You ever have one of those days when you just wanna scream?
A hypersonic scream seems like such a bizarre superpower that it’s actually rather amazing how many comic book characters possess it. In addition to the subjects of the dazzling panel above — commissioned from the pencil of Brazilian artist Peter Vale, whose work has graced such series as Superman, She-Hulk, and X-Men Forever — I can think of several others off the top of my head: Banshee, Silver Banshee (no relation), Angar the Screamer, and at least one version of Black Canary.
Of course, Tyroc had ample reason to scream. The creation of writer Cary Bates and artist Mike Grell, Tyroc’s 1976 debut in Legion of Super-Heroes marked one of the earliest introductions of a black superhero into the DC Comics pantheon. Both Grell and longtime Legion scribe Jim Shooter had lobbied to add a black character to the Legion for several years previously, but DC’s notoriously conservative editorial staff had prevented them from doing so. When DC management finally greenlighted a Legionnaire of African descent, “they did it in the worst way possible,” according to Shooter. Tyroc was assigned a lame superpower, a code name straight out of a blaxploitation film, a racially insensitive origin (a descendant of a black isolationist sect, Tyroc carved a niche as the Marcus Garvey of comics), a stereotypical “angry black man” persona (his debut story was entitled “The Hero Who Hated the Legion”), and (courtesy of Grell, who designed it in protest of everything else he didn’t like about DC’s vision for the character) one of the most ludicrous costumes of the time period — “somewhere between Elvis’s Las Vegas costume and something you would imagine a pimp on the street corner wearing,” as Grell bluntly described it.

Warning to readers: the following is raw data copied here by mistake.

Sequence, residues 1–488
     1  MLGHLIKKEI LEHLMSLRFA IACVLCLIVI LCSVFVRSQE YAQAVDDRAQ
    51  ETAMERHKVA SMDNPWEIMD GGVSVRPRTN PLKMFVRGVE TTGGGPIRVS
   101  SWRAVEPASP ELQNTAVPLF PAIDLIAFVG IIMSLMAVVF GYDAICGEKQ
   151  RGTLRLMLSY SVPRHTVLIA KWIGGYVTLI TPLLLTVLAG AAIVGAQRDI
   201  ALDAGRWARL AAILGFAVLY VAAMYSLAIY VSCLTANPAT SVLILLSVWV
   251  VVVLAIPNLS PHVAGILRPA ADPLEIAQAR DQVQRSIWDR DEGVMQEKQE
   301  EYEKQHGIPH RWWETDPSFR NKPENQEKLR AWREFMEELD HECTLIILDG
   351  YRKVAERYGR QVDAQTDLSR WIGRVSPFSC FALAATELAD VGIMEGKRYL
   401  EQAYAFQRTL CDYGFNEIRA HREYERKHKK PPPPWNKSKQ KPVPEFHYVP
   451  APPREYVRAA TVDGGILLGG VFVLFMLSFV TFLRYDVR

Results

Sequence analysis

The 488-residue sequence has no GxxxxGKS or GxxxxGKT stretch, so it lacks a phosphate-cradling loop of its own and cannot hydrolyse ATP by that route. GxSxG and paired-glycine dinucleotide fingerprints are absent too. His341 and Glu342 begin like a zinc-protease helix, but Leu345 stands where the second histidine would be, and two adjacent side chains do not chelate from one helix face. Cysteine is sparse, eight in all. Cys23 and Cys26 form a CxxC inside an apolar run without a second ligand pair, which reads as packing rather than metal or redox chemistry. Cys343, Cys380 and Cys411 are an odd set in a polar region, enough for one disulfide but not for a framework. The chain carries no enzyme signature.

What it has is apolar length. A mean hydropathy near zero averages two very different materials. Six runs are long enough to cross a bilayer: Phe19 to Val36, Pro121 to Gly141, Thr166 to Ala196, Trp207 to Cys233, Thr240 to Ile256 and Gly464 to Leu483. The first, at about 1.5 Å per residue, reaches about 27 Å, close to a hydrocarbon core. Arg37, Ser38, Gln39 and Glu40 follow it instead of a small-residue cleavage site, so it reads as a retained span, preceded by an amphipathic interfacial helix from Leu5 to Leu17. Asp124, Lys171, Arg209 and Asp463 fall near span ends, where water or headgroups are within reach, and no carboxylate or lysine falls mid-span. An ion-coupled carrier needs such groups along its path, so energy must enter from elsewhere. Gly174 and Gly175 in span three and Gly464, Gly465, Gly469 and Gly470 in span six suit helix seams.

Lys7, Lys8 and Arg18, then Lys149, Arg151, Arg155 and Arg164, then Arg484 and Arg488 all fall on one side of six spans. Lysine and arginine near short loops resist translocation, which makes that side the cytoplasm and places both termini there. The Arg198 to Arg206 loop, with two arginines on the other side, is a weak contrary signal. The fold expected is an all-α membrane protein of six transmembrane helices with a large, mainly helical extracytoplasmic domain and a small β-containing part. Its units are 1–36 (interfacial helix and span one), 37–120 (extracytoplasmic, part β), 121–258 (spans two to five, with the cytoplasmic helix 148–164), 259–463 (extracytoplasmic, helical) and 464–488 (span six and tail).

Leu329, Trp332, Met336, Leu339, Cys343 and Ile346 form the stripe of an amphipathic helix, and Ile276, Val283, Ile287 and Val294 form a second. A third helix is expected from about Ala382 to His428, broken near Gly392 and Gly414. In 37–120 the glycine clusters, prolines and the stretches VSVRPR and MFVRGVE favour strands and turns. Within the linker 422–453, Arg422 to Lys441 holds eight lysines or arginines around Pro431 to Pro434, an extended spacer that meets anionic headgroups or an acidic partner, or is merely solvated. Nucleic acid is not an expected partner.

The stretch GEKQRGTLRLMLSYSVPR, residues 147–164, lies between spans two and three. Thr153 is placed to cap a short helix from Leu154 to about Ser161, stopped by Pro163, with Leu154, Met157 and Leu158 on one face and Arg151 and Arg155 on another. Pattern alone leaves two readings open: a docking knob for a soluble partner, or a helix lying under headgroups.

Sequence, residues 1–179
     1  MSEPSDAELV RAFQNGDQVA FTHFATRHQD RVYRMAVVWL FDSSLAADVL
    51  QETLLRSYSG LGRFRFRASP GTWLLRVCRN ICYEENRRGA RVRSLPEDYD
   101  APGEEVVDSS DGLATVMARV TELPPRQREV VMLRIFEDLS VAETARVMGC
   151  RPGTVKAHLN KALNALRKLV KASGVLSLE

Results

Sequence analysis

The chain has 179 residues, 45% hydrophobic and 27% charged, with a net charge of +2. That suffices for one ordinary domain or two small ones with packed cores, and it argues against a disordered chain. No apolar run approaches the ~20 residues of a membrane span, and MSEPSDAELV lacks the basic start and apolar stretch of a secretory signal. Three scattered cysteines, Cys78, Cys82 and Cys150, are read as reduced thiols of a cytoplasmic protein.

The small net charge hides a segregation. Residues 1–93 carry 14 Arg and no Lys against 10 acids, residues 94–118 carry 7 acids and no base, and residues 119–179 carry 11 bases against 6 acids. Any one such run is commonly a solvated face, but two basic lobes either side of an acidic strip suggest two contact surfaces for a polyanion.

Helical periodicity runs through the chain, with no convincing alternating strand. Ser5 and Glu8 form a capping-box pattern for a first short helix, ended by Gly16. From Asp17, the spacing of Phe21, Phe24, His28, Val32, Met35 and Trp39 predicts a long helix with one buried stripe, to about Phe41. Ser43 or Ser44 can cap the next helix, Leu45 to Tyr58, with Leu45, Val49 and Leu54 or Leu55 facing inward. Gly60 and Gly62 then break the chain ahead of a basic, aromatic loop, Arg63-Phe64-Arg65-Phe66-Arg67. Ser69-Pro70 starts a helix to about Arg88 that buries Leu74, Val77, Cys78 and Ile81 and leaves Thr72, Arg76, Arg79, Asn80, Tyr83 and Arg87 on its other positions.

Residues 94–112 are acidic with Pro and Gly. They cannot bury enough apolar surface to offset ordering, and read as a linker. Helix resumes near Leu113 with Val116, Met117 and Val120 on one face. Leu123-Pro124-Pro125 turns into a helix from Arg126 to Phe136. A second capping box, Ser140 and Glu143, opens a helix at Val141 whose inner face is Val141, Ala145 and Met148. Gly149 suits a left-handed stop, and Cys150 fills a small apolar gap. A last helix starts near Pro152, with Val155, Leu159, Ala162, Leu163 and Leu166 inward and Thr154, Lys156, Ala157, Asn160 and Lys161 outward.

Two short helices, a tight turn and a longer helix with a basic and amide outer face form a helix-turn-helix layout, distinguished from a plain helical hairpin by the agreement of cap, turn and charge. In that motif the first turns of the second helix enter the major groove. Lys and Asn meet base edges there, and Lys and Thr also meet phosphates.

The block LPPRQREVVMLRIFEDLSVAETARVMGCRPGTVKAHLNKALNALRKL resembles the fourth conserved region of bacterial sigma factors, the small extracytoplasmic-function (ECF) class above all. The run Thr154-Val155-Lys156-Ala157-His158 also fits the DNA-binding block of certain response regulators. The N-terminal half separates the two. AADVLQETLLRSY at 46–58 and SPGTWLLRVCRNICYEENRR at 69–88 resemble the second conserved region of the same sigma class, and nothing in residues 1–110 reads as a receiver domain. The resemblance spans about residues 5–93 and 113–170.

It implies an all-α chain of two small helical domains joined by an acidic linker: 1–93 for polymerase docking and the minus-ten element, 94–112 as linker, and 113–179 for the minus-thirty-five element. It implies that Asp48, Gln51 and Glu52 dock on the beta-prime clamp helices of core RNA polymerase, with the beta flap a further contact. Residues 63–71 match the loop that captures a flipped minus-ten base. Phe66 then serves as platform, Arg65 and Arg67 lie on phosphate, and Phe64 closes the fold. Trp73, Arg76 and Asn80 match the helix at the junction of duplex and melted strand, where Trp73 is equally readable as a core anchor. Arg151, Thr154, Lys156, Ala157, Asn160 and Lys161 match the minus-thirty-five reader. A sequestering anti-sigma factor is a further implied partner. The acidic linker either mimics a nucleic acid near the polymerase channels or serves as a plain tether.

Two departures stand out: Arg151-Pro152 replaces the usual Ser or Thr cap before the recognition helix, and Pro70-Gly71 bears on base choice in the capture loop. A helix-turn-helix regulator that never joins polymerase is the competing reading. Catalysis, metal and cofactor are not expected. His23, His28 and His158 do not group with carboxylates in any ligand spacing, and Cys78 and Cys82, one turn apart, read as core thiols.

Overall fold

Unfortunately (or fortunately, depending on your point of view), Tyroc’s tenure in the Legion proved relatively brief. He resurfaced only on rare occasion in the Legion’s periodic rebootings over the next several decades. Although I haven’t sampled the current version of the Legion, I understand that Tyroc is back as a full-fledged member. Hopefully, with a more competent tailor.
Songbird began her career on the wrong side of justice. Originally code-named Screaming Mimi, she debuted as a member of the Grapplers, a cadre of female wrestlers turned supervillains. Mimi and her cohorts battled Ben Grimm — a.k.a. The Thing — in a couple of fondly remembered issues of Marvel Two-in-One. After a subsequent stint in another team of criminals, the Masters of Evil, Mimi joined yet a third sinister enterprise, the Thunderbolts, and adopted her new fighting identity as Songbird. Over time, the Thunderbolts transitioned from bad guys to underground heroes, and they remain on the straight and narrow (more or less) to this day.
And that’s your Comic Art Friday.